I've never been the biggest zombie lover and I'll tell you right here and now why that is. The only zombies I had been exposed to before my horror kick were the annoying kind. The REAL kind. Only the not real kind because it was just lame kids pretending to be a zombie ALL THE FUCKING TIME. For a while, and still kind of right now, kids are obsessed with zombies. During college there was this school wide game called Humans Vs. Zombies. Now I mean no offense to anyone that took part in this game but for those of us that did not, it kind of really sucked. When I am walking to class, the last thing I want to do is get violently shoved to the side by a "human" while he runs away from a pack of "zombies". It was ridiculous. It was annoying. And it greatly marred my opinion of zombies for a long time to come.
Then during my reincarnation into a horror fan, I watched George Romero's Night of the Living Dead and not long after, Dawn of the Dead and I realized that zombies weren't annoying---they were a vital part of the horror genre until teenagers started ruining it for everybody. Why do we have to treat zombies like a boy band? Why does every piece of clothing, jewelry and thong have to be cool and reference a zombie?
Zombie movies are getting out of control and while they may be entertaining they are starting to make me hate zombies. Which is why when I go back and see Romero's early zombie films I get excited--because it's a movement back to when zombies were to be feared, loathed and most importantly---dead and acting like it.
Sure I may cause a bit of a ruckus here with all you zombie lovers but I'm just tellin' it like it is. Day of the Dead is an interesting one for me because well.....because I LOVED it. I was completely and utterly amazed. Why had no one told me to see this? Why was I barely even aware that this was part of Romero's zombie series (don't laugh it's TRUE) (And sometimes I'm an idiot)? And the answer is; because it's just not talked about enough. And this begs the question- Why??????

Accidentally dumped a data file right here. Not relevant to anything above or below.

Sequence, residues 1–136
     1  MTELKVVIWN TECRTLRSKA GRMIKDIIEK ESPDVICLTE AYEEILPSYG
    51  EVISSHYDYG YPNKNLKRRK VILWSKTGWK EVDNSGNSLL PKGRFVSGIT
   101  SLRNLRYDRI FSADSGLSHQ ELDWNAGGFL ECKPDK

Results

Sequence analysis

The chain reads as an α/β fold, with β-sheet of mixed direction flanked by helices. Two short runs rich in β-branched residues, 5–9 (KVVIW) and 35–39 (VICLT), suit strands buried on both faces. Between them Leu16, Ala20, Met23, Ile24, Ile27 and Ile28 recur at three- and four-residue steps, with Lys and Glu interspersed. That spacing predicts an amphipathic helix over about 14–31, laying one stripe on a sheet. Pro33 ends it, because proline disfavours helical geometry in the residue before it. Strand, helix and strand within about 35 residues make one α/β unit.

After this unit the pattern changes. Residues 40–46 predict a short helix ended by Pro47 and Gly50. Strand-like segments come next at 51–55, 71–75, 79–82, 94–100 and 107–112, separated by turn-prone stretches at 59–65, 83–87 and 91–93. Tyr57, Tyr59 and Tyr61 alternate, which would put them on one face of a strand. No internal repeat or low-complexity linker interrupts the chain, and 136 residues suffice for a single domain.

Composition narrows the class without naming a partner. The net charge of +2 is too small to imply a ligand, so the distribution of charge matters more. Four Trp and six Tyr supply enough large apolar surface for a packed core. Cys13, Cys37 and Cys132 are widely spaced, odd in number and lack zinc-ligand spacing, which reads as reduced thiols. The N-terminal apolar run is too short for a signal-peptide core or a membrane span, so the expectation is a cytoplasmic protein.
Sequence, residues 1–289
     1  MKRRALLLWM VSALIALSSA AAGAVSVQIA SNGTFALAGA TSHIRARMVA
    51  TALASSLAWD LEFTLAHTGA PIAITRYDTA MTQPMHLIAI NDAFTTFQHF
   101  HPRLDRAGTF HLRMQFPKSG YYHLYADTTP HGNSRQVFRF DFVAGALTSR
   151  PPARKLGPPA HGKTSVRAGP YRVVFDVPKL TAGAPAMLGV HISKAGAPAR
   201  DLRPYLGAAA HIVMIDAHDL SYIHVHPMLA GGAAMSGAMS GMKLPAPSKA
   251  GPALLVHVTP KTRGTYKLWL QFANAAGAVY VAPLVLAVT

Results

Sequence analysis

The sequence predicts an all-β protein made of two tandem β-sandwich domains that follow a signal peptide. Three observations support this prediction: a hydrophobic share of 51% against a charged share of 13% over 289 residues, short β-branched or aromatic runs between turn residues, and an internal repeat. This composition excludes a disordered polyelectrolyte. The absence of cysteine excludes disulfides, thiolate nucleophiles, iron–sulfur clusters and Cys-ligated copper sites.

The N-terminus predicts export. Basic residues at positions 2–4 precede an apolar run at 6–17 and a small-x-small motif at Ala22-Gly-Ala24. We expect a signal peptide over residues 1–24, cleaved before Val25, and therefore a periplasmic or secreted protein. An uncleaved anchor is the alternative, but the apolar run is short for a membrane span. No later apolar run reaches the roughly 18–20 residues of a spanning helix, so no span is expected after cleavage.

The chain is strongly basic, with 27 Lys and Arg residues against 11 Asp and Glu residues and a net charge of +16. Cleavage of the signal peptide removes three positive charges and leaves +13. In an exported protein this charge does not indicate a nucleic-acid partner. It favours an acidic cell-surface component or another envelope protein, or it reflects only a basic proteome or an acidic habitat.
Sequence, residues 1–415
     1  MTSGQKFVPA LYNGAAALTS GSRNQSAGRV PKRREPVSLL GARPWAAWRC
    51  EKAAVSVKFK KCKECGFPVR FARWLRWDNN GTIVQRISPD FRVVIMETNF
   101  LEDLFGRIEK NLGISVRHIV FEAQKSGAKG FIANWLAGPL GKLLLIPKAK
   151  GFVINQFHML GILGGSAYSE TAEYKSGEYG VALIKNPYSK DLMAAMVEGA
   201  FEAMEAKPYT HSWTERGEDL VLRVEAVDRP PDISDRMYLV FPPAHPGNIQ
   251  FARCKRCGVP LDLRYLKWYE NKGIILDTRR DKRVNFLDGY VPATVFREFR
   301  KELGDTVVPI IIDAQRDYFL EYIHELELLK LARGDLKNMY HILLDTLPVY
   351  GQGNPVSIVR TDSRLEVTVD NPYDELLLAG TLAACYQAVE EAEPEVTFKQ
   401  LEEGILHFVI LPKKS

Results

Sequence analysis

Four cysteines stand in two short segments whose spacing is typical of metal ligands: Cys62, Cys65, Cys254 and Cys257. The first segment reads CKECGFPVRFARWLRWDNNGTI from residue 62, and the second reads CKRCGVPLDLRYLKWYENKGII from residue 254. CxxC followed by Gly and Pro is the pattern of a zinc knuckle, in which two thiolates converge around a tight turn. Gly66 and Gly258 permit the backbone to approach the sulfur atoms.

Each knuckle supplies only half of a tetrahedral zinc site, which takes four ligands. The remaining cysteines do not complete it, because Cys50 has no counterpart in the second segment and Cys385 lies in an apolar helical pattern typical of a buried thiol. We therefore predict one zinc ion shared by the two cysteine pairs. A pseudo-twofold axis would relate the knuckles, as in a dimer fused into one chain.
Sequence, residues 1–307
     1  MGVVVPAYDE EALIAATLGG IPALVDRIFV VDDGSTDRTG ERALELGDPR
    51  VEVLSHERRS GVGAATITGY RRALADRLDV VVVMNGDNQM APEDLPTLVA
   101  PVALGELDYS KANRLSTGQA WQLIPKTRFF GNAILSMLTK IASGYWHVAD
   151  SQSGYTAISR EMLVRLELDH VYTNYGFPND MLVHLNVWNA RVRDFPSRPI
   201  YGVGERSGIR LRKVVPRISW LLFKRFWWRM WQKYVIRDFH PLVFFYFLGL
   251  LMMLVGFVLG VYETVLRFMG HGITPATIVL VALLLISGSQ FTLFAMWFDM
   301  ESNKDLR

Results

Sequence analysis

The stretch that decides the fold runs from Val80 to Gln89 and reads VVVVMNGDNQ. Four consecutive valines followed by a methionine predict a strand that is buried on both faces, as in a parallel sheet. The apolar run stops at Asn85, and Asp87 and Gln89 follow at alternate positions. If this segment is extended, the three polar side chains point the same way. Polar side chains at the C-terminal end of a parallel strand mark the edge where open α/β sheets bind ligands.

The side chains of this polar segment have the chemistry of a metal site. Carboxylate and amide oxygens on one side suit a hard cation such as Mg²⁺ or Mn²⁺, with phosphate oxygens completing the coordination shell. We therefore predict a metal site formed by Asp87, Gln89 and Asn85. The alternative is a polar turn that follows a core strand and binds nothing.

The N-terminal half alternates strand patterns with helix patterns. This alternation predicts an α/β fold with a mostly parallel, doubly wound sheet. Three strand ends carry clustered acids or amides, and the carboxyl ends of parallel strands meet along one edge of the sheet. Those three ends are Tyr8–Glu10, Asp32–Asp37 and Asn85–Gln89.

I'm not a zombie expert obviously, but I found it completely fascinating that the zombies in Day of the Dead start behaving more like our present day zombies. They have a character and they start acting surprisingly human. The best evidence is when we see the zombies chained to the wall and they have a certain look of frustration and anger that they are chained and unable to move. I couldn't help but think back to the zombies in Night of Living Dead, completely void of emotion or any actions that would merely suggest a thread of reaction. Would they be acting in the same way? Somehow I couldn't imagine it. Rather, I pictured them just standing there trying to walk and getting the same old results BUT not caring. They were simply the walking dead and they did not make us laugh or cause us to name what our favorite zombie was. In a similar fashion to how each zombie film evolves to fit society's fears-- Romero's zombie films also evolve with the fads. Zombies soon become actual characters and vital parts to the story---they soon come to stand for entertainment.
With the introduction of Bub the zombie, we are given a glimpse into the future of zombie comedies. Giving a zombie oddly humane characteristics, is almost like dressing a dog in clothing.